As shown in FIG. 5, which is a cross section of FIG. 4, the spreader blades are fully inserted into the tube spaces 22 and fully extended and are ready for withdrawal and fin insertion.(In FIGS. 5 through 8 the blades 44' are depicted as integral with the block 45, but may preferably be separate elements attached to the block.) The blades are shorter than the tube depth so that when fully inserted they reach only about three fourths of the way into the space. This geometry defines channels between the tubes and above the nose portions of the blades which form nests for locating the fins 24. The fins are positioned in the channels above the blades (FIG. 6) by a fixture, not shown, and are simultaneously fed into the spaces 22 as the blades are retracted. The bridge elements support the fins 24 in the regions between the blades. Generally the fins can depend on gravity feed and rest on the bridge elements 50 during the blade retraction. Preferably, to avoid any possible hang-up of the fins a light pressure is applied during the feeding. FIGS. 7 and 8 show the fins 24 partially inserted and fully inserted, respectively. When the spreader blades 42', 44' and 46' are fully withdrawn the tube 12 is free to contract until it firmly engages the fins 24. This completes the fin insertion process and the fins are held in place by the pressure of the tubes. The outer fins 30 and the side plates 28 are added to complete the core assembly as shown in FIG. 1 and bands 26 are added to help retain the elements in proper register until the brazing is completed and then the bands ::re removed.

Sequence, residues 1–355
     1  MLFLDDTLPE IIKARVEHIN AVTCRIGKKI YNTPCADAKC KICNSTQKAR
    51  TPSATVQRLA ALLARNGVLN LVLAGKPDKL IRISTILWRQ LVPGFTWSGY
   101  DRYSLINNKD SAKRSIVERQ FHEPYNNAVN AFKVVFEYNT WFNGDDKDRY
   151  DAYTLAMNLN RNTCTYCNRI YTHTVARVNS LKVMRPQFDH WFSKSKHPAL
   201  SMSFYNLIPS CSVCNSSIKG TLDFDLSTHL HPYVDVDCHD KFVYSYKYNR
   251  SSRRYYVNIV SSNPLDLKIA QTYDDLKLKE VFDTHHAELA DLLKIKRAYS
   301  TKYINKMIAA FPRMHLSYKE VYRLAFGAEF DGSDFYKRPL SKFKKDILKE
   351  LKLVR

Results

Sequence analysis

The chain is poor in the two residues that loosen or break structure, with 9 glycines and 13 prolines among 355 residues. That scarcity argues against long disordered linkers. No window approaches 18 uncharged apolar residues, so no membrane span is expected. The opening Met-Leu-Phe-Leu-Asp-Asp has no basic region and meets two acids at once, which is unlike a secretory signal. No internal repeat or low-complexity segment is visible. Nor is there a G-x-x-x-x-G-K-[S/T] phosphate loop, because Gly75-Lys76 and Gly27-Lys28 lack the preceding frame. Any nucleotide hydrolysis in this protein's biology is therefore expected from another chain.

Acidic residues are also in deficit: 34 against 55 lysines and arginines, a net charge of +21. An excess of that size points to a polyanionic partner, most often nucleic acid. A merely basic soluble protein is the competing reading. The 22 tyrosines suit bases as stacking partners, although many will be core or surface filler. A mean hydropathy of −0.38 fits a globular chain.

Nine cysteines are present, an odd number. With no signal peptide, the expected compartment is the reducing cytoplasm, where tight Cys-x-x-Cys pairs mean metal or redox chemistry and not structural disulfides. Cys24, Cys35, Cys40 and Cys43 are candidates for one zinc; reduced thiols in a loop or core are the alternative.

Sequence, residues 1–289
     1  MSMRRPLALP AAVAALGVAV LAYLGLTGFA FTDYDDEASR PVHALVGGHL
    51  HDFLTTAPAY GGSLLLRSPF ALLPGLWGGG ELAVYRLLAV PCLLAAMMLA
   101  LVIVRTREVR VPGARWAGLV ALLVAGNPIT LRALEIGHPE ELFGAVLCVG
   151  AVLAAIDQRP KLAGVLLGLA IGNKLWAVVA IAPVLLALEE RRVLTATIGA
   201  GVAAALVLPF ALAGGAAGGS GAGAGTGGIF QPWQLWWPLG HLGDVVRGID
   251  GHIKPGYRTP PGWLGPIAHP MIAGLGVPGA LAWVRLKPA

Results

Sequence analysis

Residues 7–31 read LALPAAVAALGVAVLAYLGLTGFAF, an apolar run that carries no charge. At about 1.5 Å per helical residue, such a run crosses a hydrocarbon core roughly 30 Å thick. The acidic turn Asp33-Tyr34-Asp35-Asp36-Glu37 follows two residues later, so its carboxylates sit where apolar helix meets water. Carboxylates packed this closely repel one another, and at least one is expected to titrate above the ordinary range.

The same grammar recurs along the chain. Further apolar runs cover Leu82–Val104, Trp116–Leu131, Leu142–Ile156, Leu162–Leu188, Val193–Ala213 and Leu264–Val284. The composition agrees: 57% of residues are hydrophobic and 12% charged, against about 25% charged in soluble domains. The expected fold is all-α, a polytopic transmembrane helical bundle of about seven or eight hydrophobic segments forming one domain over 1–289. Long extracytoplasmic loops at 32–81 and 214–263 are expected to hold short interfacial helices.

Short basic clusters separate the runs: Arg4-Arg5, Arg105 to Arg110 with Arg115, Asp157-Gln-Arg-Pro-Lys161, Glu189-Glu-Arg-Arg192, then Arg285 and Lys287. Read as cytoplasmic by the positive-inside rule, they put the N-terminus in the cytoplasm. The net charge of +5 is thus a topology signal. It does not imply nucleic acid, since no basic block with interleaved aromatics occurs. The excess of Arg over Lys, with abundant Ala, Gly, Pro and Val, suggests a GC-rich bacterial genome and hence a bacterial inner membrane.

A desirable side effect of the operation occurs when the outboard sets of spreader blades are moved laterally. The tubes are effectively ironed between adjacent blades so that if the tubes are not straight, significant deformation may be removed.
For heat exchanger cores of different lengths (from bend to bend) and different numbers of turns but using the same tube size and in thickness, the same tooling is used so that different models can be built on the same machine. The spreader sets must have enough blades and sufficient material movement to accomodate the largest cores. For any cores shorter than the largest, the lateral travel of the blades is adjusted and for cores with fewer than the maximum number of turns, some of the blades will be idle. Thus each machine is versatile and capable of running batches of different size cores. It should be evident that the machine is suitable for single tube serpentine structures as well as the described nested double tube assemblies.
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|U.S. Classification||29/890.035, 29/446, 29/890.046, 29/505, 29/727, 228/183, 29/514|
|International Classification||B23P19/04, F28D7/08, B21D53/08, B23P11/02|
|Cooperative Classification||B23P11/02, B21D53/08, Y10T29/49378, F28D7/087, Y10T29/49908, B23P15/26, Y10T29/53122, F28F1/02, Y10T29/49863, Y10T29/49924, F28D7/08, B23P19/04, Y10T29/49359|
|European Classification||F28F1/02, B23P15/26, F28D7/08B2A, B23P19/04, B23P11/02, B21D53/08, F28D7/08|
|May 24, 1989||AS||Assignment|
Owner name: GENERAL MOTORS CORPORATION, DETROIT, MICHIGAN, A C
Free format text: ASSIGNMENT OF ASSIGNORS INTEREST.;ASSIGNORS:WRIGHT, WILLIAM D.;SNYDER, GEORGE K.;REEL/FRAME:005085/0406;SIGNING DATES FROM 19890509 TO 19890515
|Jan 31, 1994||SULP||Surcharge for late payment|
|Jan 31, 1994||FPAY||Fee payment|
Year of fee payment: 4
|Feb 24, 1998||REMI||Maintenance fee reminder mailed|
|Jul 26, 1998||LAPS||Lapse for failure to pay maintenance fees|
|Oct 6, 1998||FP||Expired due to failure to pay maintenance fee|
Effective date: 19980729